Con la Fuerza de los Cerros: Transforming Chile from Below

Con la Fuerza de los Cerros: Transforming Chile from Below

According to data provided by the Chilean Government, roughly 6.4 million people participated in the elections held on Sunday, May 16, 2021, representing a turnout of 43%.  The figure was below the Government’s forecast of 7 million votes.  Leftist and little-known candidates also pulled off a string of surprises in local elections.  At the same time, the Government lost its representation in the Constituent Assembly, as most of the elected constituents come from left-wing movements, political parties, and independents.  According to Cristobal Huneeus, Director of Data Science at Unholster in Santiago, “among the most important issues that (elected candidates) back are human rights, civil society, the environment, and the idea that the current economy doesn’t work in people’s favor.” (More information here.)

Popular Education for Health (EPES), a Global Ministries’ longstanding Partner in Chile, has been sensitive to the ways people are longing for a change in the social, economic, and political discussion.  They saw the need to promote this new awakening of community participation in political processes.  EPES provided support in disseminating information on the candidacies for two local councilors.  One of the two candidates they supported was Mauricio Salazar, the Las Cañas Community Center social leader, candidate for councilor for the Valparaíso Municipal Assembly.

Mauricio counted with extensive experience in his municipality.  As the Director of the Las Cañas Community Center, Mauricio was a first responder to a firestorm in April 2014, which devoured 3,000 houses and left 12,000 residents homeless in the hills of Las Cañas.  Mauricio and the Community Center Volunteer Team provided emergency relief regarding the reconstruction of houses, psychosocial support, workshops, and training.  They worked with the essential needs on a short-term basis and assist the community in its long-term vision and reconstruction.  In that sense, Mauricio and his team of collaborators started reaching decision-making bodies at the local level on behalf of the interests of the community.

Mauricio also became a strong advocate for the right to healthcare for his community and Chile in general.  He and his wife, Camila Jorquera, lost their daughter, Amelia, in July 2018, at 21 months, at the Carlos Van Buren Hospital in Valparaíso.  Amelia died due to medical negligence and the consequences of the great inequality the Chilean society faces in accessing healthcare.  At that time, Global Ministries and EPES joined efforts to organize a self-care retreat for the families and the closest friends of Mauricio and Camila.  They had a space to be together, rest, share, and collectively process their pain and to continue with their struggle.  A community campaign called “Justice for Amelia” raised the need for a more sensitive and relevant healthcare policy in Valparaíso.  Out of that healing experience, Mauricio decided to work more closely in the political arena by running as a councilor, representing the struggles, dreams, and challenges of his community.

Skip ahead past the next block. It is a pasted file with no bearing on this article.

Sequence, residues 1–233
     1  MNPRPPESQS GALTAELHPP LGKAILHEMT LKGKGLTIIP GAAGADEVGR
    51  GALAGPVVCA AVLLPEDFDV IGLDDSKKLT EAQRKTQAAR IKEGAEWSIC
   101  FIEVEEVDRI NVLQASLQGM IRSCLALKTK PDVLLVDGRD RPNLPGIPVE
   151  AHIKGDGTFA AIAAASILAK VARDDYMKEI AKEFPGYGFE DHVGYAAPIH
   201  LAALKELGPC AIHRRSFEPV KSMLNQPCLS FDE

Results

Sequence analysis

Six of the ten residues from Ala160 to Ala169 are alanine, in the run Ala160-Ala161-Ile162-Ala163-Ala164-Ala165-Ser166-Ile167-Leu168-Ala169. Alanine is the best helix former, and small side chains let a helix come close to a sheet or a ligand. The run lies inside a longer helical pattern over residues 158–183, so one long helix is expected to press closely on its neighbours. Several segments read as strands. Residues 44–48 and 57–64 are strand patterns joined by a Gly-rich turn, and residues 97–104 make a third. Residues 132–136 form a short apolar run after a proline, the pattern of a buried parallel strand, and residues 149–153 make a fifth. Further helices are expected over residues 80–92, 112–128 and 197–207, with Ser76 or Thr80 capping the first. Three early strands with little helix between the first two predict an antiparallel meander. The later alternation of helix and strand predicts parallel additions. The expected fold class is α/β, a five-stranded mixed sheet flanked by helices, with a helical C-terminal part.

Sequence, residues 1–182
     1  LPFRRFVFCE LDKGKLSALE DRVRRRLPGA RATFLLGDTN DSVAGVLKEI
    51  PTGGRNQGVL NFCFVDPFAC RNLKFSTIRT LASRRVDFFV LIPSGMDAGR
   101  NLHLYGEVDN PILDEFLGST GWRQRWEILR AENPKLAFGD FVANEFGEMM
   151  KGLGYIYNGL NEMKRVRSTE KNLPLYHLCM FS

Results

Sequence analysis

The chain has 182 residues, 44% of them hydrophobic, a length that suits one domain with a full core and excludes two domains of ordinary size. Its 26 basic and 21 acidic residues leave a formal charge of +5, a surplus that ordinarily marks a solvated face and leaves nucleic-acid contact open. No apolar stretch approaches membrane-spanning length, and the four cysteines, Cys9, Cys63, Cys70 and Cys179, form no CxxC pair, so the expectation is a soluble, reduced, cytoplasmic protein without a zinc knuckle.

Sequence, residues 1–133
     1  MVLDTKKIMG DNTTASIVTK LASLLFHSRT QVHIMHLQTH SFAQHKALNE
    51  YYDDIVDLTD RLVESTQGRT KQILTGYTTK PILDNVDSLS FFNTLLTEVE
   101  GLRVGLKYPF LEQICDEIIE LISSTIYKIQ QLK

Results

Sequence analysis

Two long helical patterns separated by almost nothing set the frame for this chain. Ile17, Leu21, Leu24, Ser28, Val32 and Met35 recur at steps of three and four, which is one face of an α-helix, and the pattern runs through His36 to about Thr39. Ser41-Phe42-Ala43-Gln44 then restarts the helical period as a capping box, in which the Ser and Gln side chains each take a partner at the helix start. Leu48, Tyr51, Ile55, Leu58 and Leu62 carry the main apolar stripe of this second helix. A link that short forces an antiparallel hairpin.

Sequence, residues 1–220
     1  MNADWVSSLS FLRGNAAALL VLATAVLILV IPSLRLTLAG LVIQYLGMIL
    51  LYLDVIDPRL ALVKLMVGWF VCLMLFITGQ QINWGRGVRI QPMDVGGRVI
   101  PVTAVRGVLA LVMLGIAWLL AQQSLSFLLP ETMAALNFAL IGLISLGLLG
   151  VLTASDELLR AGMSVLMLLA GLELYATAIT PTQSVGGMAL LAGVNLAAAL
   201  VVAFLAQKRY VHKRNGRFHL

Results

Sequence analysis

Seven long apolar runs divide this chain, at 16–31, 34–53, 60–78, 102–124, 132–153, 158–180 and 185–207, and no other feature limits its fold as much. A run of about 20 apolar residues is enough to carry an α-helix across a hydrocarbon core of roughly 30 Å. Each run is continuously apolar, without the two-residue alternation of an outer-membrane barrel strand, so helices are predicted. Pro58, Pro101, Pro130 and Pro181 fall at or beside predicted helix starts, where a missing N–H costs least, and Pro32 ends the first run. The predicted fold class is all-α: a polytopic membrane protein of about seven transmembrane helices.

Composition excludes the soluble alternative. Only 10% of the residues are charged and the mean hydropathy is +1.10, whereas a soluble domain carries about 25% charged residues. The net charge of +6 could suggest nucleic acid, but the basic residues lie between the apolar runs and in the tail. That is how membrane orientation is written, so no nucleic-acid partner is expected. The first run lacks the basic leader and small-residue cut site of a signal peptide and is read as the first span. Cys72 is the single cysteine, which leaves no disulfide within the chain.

Mauricio built a campaign primarily based on self-recorded videos, visiting homes, talking and interviewing people, assisting them to express their own needs and dreams, traveling up and down the hills of Valparaíso as an independent candidate.  He shared how he developed “a lot of strength and conviction that we can achieve a space in the municipal council.”  ¡Con la fuerza de los cerros! (With the strength of the hills!) was his campaign cry, putting in plain sight those places that could be high and visible to the eyes of the city but invisible in terms of the real needs of the people there. “The time has come for communities to occupy institutional spaces!” he said in a recent video as he embraced some youth at a rally in Las Cañas Community.

Mauricio couldn’t prevail in his attempt to be elected as councilor for Valparaíso.  However, he could accumulate more votes than other candidates that could enter into the Municipal Assembly.  The design of the electoral system puts a heavy shift in favor of candidates that are part of political parties.  He expressed a degree of frustration for all the work done, freehand, without funding, and without “magical godfathers.”  However, he could accumulate the sixth majority of votes out of more than 100 candidates, having obtained more votes than five of the current elected councilors.  A new political force, 100% independent from traditional political parties, emerged with Mauricio as the leader.

Chile continues its path into the discussion and approval of a new Constitution by electing indigenous leaders previously accused as terrorists by authorities, with no proof, as members of the Constituent Assembly.  The country also rejected traditional political parties, alliances, and chose to elect independent and new movements as its representatives in counties, municipalities, and the Chilean Constituent Assembly.  It could be fair to say that Mauricio is part of the fresh winds of change and justice in his country.

Learn more about the work of the EPES here.